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Stem Cell Reviews and Reports

, Volume 8, Issue 2, pp 299–304 | Cite as

Stem Cell Policy Exceptionalism: Proceed with Caution

  • Geoffrey P. Lomax
  • Steven R. Peckman
Article

Abstract

The term “stem cell exceptionalism” has been used to characterize the policy response to controversies surrounding human embryonic stem cell research. For example, governments and funding agencies have adopted policies governing the derivation and use of human embryonic stem cell lines. These policies have effectively served to fill gaps in existing guidelines and regulations and signal that scientists are committed to a responsible framework for the conduct of research involving human embryos. Recent publications discuss whether ethical and policy issues associated with induced pluripotent cells (iPSCs) from non-embryonic sources create a need for further policy intervention. We suggest many of the issues identified by commentators may be addressed through the application of established policy frameworks governing the use of tissue, human stem cells, and research participation by human research subjects. To the extent, iPSC research intersects with hESC research (e.g. the creation of human gametes and/or embryos), the policy framework governing hESC appears sufficiently robust at this time.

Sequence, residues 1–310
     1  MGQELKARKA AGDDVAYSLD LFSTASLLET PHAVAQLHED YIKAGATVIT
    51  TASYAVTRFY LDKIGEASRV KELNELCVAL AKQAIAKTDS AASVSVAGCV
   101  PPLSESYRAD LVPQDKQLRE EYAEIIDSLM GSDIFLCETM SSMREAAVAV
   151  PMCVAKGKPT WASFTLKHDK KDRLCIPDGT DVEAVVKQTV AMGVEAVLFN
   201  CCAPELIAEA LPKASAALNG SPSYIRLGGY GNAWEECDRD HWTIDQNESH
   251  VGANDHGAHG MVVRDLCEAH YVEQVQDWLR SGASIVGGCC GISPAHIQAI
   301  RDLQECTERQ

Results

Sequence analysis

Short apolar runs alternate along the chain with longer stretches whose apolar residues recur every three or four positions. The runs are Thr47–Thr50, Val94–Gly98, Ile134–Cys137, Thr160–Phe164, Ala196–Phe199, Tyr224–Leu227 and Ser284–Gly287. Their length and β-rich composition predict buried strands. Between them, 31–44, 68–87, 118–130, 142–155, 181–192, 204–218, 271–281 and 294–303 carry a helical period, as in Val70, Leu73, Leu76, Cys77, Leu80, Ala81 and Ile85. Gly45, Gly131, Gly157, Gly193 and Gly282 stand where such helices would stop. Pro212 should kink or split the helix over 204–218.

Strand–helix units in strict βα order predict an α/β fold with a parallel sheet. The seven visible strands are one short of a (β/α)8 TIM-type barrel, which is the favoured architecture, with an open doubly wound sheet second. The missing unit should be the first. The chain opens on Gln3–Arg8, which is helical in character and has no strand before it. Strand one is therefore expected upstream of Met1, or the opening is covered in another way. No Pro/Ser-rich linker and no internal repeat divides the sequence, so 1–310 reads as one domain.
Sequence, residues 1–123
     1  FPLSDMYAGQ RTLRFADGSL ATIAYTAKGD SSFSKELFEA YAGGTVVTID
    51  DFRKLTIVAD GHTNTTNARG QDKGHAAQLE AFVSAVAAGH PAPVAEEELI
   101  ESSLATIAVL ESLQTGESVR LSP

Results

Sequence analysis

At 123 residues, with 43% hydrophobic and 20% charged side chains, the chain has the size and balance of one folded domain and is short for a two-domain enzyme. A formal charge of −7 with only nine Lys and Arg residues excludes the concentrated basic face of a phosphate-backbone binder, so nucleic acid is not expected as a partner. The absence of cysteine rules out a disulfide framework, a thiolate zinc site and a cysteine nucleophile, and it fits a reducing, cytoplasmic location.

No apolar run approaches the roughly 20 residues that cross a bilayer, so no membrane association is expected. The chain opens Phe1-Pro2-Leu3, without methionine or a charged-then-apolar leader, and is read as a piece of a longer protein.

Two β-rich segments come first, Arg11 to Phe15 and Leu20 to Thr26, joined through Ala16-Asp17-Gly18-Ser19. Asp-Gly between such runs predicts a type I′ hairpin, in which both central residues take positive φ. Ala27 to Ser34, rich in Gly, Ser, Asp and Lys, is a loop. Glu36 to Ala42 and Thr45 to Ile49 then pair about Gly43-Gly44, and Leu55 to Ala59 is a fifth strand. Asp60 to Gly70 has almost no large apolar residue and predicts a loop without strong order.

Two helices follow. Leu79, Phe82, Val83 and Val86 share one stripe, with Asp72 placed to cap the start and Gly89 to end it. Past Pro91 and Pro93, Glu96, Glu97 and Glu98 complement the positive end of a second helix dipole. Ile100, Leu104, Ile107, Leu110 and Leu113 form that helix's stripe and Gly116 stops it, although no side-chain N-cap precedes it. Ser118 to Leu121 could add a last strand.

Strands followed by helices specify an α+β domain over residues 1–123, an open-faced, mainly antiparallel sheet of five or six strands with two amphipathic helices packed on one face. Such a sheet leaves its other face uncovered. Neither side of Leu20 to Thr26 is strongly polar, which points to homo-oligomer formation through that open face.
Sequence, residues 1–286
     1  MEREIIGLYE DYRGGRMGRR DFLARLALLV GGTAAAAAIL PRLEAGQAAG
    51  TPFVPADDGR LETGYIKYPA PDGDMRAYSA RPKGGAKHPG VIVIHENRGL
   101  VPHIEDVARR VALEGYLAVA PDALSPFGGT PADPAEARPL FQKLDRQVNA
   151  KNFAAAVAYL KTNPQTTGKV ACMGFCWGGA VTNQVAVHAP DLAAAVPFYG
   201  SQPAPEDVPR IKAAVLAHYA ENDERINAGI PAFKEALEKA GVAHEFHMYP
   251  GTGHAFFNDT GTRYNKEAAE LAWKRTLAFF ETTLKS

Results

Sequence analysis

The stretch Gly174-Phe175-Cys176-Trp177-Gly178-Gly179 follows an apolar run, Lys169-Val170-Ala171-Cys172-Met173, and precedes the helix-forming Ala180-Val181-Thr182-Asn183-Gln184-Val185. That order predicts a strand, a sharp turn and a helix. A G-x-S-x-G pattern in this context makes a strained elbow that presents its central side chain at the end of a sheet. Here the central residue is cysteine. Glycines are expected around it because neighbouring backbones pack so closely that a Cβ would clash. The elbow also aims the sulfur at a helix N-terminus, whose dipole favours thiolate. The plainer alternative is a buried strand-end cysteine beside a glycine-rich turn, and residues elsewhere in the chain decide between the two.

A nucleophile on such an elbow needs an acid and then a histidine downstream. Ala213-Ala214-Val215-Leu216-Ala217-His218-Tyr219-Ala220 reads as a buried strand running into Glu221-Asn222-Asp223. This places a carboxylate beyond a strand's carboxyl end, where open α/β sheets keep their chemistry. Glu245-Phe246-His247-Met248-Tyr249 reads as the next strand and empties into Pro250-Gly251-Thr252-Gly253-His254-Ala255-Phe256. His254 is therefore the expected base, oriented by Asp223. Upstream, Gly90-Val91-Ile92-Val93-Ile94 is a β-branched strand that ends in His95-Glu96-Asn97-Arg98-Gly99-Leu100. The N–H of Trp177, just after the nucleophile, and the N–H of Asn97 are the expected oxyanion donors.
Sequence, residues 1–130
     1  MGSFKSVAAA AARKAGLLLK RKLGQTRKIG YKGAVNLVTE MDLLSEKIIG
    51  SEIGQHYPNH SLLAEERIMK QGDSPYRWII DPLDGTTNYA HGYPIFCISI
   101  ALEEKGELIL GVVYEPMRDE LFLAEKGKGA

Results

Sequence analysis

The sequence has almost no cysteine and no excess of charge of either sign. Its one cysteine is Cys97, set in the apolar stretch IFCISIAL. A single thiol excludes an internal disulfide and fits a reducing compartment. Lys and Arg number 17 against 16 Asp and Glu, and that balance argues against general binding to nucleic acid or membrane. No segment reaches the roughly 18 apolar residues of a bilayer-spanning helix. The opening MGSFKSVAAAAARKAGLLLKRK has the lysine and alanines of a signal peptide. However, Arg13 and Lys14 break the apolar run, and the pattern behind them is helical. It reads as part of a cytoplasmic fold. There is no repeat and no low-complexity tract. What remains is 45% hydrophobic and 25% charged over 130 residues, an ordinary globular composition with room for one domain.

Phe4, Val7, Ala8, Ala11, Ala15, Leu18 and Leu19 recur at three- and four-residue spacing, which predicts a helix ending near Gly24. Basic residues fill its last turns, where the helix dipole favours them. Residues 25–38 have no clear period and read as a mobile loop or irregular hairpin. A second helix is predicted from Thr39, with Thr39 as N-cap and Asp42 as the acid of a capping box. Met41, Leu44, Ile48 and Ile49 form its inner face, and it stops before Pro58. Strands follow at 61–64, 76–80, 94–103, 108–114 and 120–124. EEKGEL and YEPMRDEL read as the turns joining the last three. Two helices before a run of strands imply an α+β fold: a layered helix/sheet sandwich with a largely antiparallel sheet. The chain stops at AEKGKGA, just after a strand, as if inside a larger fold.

Keywords

Stem cell Ethics Research oversight Induced pluripotent cells Human subjects Embryonic stem cell Research policy Human subjects 

Notes

Acknowledgments

The authors would like to acknowledge the time and effort taken by the reviewers to proved comprehensive comments.

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Copyright information

© Springer Science+Business Media, LLC 2011

Authors and Affiliations

  1. 1.California Institute for Regenerative MedicineSan FranciscoUSA
  2. 2.Eli and Edythe Broad Center of Regenerative Medicine and Stem Cell ResearchUniversity of California, Los AngelesLos AngelesUSA

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